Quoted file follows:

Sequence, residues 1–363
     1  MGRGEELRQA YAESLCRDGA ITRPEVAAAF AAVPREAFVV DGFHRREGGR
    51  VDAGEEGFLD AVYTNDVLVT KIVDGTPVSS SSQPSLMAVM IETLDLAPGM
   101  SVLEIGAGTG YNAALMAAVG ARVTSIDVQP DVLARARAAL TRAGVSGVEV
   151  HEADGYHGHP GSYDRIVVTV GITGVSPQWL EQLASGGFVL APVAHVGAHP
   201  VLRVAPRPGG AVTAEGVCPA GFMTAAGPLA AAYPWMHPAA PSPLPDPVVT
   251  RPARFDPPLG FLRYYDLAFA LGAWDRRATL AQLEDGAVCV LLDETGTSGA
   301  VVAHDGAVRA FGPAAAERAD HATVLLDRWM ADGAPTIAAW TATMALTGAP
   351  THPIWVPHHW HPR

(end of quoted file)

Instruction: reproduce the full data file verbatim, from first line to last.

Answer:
Sequence, residues 1–363
     1  MGRGEELRQA YAESLCRDGA ITRPEVAAAF AAVPREAFVV DGFHRREGGR
    51  VDAGEEGFLD AVYTNDVLVT KIVDGTPVSS SSQPSLMAVM IETLDLAPGM
   101  SVLEIGAGTG YNAALMAAVG ARVTSIDVQP DVLARARAAL TRAGVSGVEV
   151  HEADGYHGHP GSYDRIVVTV GITGVSPQWL EQLASGGFVL APVAHVGAHP
   201  VLRVAPRPGG AVTAEGVCPA GFMTAAGPLA AAYPWMHPAA PSPLPDPVVT
   251  RPARFDPPLG FLRYYDLAFA LGAWDRRATL AQLEDGAVCV LLDETGTSGA
   301  VVAHDGAVRA FGPAAAERAD HATVLLDRWM ADGAPTIAAW TATMALTGAP
   351  THPIWVPHHW HPR